I nearly choked on my Rich Tea biscuit when the news came through about the £30 million budget cap voted through today by the FIA world motor sport council.
The teams did likewise. They did not expect this after presenting such a unanimous front the other week in Geneva. Their confidence that their unified voice would be taken into account by the FIA, when deciding rules and policy, was misplaced. Instead Max Mosley has gone much further than the teams wanted to in stripping costs out of the sport. FOTA has just put a statement out which makes clear how annoyed they are with this move,
“With regard to the decisions taken today by the FIA World Council, FOTA would like to express its disappointment and concern at the fact that these have been taken in a unilateral manner, “ said FOTA president Luca di Montezemolo. “The framework of the regulations as defined by the FIA, to be applicable as from 2010, runs the risk of turning on its head the very essence of Formula 1 and the principles that make it one of the most popular and appealing sports.
“Given the timeframe and the way in which these modifications were decided upon, we feel it is necessary to study closely the new situation and to do everything, especially in these difficult times, to maintain a stable framework for the regulations without continuous upheaval, that can be perplexing and confusing for car manufacturers, teams, the public and sponsors.”
This has the potential to open up a dangerous rift between the Formula 1 teams and the FIA just as the new season starts. It is likely that Mosley has done this to get teams to accept the general idea that there will be a budget cap system in F1, much as he did with standard Electronic Control Units, engine freezes and so on.
He has to lead them kicking and screaming to things which then get accepted. A £30 million budget cap will never be accepted, but once the teams have gone over the hurdle of the cap, Mosley probably reckons they will meet somewhere in the middle on the numbers, so around £50-60 million, which let’s face it, should be enough to run an F1 team on. But the road ahead will be rocky and this is a real test of the mettle of FOTA as an organisation.
In Geneva I asked Montezemolo whether he thought Max would feel the FOTA proposals went far enough and he said that they would put them to him and have a dialogue. It’s fairly clear that there hasn’t been that much dialogue this time around, not like in December when the FOTA engine package was agreed by the FIA in the days following Honda’s shock withdrawal.
What’s behind this? Max wants to keep the smaller independent teams in the sport and encourage new ones to come in. He hates the idea that there are two empty franchises. But the budget cap puts manufacturer-backed teams like Ferrari, McLaren Mercedes and BMW in a difficult position. They are to be given the option of spending as much as they like, but the budget capped teams will get more technical freedom, more engine power and better aerodynamics, to make them competitive. The boards of the big car firms will never accept this and you’d have a two class F1, which never worked in the turbo/non-turbo days.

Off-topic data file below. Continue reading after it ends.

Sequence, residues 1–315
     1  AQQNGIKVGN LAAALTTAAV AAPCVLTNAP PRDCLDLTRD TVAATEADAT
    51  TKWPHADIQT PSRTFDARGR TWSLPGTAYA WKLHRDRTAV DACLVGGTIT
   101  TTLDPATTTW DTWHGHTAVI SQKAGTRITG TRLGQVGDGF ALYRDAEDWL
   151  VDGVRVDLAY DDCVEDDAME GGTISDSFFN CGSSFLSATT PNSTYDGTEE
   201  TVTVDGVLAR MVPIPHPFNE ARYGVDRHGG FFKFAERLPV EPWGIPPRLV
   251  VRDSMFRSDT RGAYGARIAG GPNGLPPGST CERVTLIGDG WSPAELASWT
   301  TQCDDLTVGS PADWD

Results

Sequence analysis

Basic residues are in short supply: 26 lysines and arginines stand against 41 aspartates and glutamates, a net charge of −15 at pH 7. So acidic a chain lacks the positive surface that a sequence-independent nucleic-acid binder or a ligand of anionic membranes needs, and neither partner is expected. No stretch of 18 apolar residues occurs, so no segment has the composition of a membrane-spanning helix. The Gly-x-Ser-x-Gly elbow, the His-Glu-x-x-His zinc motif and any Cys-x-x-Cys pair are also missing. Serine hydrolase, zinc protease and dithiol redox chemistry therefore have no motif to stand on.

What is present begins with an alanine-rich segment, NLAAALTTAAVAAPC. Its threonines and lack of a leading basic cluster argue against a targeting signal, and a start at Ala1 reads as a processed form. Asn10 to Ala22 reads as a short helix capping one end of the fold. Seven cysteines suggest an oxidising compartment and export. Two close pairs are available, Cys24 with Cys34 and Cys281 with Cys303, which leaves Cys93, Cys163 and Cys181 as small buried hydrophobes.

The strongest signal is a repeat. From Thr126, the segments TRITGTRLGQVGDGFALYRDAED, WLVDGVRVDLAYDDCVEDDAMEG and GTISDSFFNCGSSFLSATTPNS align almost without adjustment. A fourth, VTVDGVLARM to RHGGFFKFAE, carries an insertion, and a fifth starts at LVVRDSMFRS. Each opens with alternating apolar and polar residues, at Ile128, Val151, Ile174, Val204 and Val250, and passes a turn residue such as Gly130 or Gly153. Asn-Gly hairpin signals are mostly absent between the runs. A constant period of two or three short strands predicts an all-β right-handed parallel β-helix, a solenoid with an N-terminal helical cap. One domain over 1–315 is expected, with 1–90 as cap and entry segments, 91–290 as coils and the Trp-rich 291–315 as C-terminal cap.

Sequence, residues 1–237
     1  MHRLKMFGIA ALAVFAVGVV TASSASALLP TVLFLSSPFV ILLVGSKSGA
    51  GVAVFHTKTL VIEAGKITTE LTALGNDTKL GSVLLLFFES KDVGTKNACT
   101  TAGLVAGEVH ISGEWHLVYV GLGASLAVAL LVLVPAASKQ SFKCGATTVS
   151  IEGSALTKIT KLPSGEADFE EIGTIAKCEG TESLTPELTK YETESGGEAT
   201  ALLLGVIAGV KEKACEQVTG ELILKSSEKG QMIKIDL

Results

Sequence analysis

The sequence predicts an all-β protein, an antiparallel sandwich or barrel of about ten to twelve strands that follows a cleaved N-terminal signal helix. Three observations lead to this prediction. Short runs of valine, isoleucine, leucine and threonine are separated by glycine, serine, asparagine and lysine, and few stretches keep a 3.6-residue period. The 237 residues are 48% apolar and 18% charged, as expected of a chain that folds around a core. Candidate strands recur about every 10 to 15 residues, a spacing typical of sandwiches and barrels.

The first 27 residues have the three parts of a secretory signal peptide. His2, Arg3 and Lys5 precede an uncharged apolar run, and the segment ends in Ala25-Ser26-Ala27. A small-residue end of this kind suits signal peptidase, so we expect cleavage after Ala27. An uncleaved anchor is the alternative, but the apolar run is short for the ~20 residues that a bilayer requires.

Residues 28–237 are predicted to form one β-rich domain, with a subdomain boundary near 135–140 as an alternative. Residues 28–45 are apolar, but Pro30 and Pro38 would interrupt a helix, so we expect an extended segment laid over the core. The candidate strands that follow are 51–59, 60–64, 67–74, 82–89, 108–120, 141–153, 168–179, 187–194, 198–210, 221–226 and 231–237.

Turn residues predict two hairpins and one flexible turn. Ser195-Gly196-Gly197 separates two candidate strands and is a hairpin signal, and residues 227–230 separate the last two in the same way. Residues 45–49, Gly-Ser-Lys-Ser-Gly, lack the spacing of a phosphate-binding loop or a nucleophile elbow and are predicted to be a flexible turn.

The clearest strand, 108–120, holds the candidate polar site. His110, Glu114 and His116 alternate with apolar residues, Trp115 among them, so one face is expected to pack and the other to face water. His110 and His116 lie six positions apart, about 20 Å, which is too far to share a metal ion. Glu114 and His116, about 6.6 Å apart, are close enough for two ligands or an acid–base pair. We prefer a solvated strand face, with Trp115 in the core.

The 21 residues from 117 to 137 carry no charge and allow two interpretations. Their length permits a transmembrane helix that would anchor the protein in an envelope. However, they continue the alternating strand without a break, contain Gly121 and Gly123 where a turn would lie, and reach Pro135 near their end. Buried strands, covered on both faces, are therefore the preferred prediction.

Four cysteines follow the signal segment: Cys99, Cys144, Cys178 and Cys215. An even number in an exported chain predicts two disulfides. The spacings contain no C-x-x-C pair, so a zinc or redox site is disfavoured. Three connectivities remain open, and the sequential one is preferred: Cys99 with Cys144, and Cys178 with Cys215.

The eye catching Mosley quote is the one where he dismisses suggestions that the budget cap would be impossible to police,
“We went into all this very carefully some time ago,” he said. “We involved forensic accountants from Deloitte and Touche as well as financial experts from the current teams. The vast majority of payments are traceable and any benefits in kind can be valued. There were a number of meetings. It became clear we could do it. The problem was getting the current teams to agree a figure. Also, the majority wanted a lot of exclusions such as land and buildings, the team principal’s salary and the drivers. We would also need the right to carry out very intrusive audits and impose severe penalties for overspend. However these difficulties no longer arise because each team will now be able to choose whether or not to run under the cost cap.”
The other little gem is this one,
“We will make sure these advantages do no more than balance the disadvantages the cost-capped teams will have because of their very restricted budgets. As said, we will balance the median performances by adjusting the cost-capped cars should this prove necessary. The other cars will have stable technical regulations in return for which we understand FOTA intend to provide guarantees of continuing participation until 2012, underwritten by the major car manufacturers.”
Mosley has leapt on the guarantee given in Geneva by the manufacturers to stay in until 2012 and thereby cut their wriggle room on this. On top of that he’s saying that the FIA may adjust the equivalence between capped and non-capped teams’ performance, possibly even from race to race, which he knows is not F1, but it’s a strong position from which they will eventually have to agree something.
What makes this a particularly big play is the fact that these things have been voted through, so they aren’t proposals, they are now rules which will need to be ‘unmade’ once the negotiation has taken place.
Expect more from FOTA on this…